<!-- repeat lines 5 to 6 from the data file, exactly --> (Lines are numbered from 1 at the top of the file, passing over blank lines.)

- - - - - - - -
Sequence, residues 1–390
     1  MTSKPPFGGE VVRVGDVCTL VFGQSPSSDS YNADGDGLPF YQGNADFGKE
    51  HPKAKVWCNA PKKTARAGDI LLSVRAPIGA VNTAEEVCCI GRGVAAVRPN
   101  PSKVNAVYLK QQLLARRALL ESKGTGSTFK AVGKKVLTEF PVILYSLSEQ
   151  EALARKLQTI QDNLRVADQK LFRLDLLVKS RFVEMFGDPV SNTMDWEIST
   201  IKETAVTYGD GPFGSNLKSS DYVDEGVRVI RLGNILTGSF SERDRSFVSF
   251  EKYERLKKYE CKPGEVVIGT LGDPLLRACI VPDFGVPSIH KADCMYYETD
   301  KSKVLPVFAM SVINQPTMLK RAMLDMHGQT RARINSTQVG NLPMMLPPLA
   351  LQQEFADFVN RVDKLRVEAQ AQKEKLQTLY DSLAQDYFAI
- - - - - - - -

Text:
   151  EALARKLQTI QDNLRVADQK LFRLDLLVKS RFVEMFGDPV SNTMDWEIST
   201  IKETAVTYGD GPFGSNLKSS DYVDEGVRVI RLGNILTGSF SERDRSFVSF